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Monday, September 14, 2009

Racing Cars

I like driving. I’ve said it before. When I’m in the mood, I could drive for hours as long as I have some music going. As I’ve gotten older, though, I’ve noticed I’ve slowed down a bit. This only occurs when my wife and kid are in the car with me. Otherwise, I’m usually pushing ten miles over the speed limit, depending on the road. If it’s back roads or wooded areas, I tend to be a little more careful. If it’s the highway or open roads, look out. I may even crank it up a bit more.

While I’ve never owned car that could be considered race ready, I have attempted to put what I did have through the paces. On three occasions, I have raced someone and won all three times. All three occurred while I was in high school and with close friends.

Now, in my hometown there aren’t a lot of places to race. On the outskirts between cities, there were more suitable locations for drag racing. In the neighboring county there was an old abandoned Volkswagen plant just off the main highway. Now, it’s an abandoned Sony plant. Yeah, economy! Anyway, leaving the main highway there is a long stretch of road that ends in an intersection with a traffic light. Cars would drag race from a preset distance using the lights as a signal. For me, I really didn’t care about this kind of racing. The ability to accelerate or shift with precision in order to beat a car based on engine and transmission performance is something I could care less about. For me, it was about endurance. This is why I can’t get into NASCAR. They don’t go anywhere except left.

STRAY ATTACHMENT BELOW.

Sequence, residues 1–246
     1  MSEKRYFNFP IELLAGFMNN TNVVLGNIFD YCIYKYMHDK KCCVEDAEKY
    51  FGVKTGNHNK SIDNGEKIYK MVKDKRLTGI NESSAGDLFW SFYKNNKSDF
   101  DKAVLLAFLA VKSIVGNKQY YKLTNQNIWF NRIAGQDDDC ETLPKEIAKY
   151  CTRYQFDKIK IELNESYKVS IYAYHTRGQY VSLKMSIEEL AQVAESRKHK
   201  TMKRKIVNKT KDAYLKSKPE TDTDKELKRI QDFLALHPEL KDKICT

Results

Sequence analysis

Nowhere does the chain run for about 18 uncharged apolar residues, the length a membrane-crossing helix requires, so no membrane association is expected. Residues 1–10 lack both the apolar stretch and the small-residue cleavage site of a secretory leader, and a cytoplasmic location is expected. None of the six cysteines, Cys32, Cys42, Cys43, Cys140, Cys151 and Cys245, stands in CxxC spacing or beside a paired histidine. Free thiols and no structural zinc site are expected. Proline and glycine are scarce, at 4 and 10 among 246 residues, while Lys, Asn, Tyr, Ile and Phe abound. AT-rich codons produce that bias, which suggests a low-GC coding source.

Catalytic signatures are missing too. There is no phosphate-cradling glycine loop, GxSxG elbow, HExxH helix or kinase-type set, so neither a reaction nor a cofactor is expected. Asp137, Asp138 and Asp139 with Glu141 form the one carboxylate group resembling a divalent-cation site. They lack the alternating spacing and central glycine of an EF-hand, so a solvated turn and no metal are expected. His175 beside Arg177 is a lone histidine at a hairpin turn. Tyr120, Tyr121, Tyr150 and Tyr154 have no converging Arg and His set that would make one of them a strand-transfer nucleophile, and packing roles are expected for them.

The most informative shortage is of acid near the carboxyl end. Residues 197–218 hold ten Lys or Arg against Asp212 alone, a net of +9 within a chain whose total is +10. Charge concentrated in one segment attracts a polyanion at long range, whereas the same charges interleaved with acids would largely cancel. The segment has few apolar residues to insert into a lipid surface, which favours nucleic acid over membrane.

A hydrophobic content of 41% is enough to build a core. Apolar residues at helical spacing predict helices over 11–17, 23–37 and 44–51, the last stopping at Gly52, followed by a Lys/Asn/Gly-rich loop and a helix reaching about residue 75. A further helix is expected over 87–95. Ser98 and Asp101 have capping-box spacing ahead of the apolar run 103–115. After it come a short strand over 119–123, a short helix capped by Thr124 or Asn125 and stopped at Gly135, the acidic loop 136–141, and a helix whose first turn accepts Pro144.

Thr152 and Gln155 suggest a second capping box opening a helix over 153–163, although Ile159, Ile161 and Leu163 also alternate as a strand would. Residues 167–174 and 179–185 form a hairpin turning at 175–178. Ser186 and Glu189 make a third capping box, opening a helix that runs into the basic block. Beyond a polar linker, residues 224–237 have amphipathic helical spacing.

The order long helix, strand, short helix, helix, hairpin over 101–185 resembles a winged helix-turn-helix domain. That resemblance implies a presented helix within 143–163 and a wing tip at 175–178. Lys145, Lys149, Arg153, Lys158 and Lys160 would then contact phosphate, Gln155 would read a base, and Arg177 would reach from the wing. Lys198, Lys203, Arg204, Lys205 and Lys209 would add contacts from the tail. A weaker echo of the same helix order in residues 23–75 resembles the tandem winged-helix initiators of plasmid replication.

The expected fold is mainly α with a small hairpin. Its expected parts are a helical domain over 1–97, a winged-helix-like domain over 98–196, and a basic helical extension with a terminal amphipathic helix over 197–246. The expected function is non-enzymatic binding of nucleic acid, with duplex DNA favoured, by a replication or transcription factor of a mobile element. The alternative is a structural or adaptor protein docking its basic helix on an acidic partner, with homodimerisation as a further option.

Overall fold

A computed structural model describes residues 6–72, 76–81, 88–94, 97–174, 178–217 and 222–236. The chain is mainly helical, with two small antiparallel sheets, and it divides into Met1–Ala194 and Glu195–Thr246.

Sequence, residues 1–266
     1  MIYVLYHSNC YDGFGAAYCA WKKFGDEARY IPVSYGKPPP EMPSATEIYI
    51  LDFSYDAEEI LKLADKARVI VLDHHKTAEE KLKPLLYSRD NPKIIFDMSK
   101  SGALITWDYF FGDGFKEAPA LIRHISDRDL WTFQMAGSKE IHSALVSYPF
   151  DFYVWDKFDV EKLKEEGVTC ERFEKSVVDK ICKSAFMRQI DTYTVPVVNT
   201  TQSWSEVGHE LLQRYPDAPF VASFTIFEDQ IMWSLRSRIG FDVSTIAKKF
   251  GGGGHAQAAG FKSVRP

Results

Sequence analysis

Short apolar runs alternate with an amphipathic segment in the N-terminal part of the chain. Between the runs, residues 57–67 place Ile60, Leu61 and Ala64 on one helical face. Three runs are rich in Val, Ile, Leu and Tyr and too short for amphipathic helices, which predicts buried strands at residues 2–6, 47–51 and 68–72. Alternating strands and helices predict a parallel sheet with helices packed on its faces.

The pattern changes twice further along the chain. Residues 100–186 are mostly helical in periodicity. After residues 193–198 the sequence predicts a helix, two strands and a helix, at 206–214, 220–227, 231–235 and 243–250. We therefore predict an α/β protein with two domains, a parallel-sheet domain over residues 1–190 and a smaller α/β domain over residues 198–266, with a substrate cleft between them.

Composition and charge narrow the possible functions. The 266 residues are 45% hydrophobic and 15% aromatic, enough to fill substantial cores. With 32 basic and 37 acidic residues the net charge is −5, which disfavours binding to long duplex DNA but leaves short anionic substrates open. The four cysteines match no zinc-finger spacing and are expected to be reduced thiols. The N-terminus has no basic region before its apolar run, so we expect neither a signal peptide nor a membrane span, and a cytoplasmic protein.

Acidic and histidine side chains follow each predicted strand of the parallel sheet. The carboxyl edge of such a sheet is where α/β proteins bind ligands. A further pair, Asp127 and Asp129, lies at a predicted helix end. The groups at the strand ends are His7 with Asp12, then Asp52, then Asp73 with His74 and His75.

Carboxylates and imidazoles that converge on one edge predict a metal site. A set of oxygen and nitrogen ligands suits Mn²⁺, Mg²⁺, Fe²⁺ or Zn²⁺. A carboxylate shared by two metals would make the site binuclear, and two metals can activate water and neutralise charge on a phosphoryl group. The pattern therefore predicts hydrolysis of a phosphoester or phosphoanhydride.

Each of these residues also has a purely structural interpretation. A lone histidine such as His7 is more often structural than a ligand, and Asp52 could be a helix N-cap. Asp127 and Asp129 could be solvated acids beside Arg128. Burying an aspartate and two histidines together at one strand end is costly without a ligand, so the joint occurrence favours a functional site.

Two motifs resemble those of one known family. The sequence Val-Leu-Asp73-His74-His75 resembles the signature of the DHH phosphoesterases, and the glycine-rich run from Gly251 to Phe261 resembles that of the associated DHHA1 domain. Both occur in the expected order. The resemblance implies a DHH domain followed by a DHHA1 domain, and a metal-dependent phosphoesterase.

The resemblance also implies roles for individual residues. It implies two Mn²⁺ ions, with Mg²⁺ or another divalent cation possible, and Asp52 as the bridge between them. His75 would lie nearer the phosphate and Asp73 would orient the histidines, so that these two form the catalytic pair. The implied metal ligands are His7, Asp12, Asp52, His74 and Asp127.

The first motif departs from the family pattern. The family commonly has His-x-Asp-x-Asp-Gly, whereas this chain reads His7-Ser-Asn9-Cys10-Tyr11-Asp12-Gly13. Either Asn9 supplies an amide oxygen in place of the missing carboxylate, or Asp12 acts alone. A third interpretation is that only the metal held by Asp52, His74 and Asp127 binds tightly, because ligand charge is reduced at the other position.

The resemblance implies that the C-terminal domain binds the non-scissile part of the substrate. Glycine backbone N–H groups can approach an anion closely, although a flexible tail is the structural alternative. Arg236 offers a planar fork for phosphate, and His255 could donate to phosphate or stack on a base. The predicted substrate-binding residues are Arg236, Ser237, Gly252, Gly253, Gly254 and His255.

However, my town was situated in the middle of the main highway and offered plenty of cross country races. You could race towards the Pennsylvania Turnpike or race towards West Virginia. In any case, you have open road, four lanes, and a lot of chances to make your move.

The first race came with my acquiring the car I drove all through high school, a 1984 Pontiac Firebird. My buddy had a Ford Maverick and we talked about racing the two. We started out at the red light in the downtown area near our houses and went all the way to the Uniontown Eat N’ Park, which was about 10 miles away. I held onto the lead the whole way there, while my copilot, a kid nicknamed Weezil, held onto the dashboard which had begun to shimmy and shake over 70 mph. I actually had no idea how fast I was going as my speedometer only went up to 85. From what my friend, in the Maverick said, he was pushing 103 and I was in front of him. The next year he bought a similar Firebird and I knew for a fact that he could beat me on a straight away as it was newer and in better shape.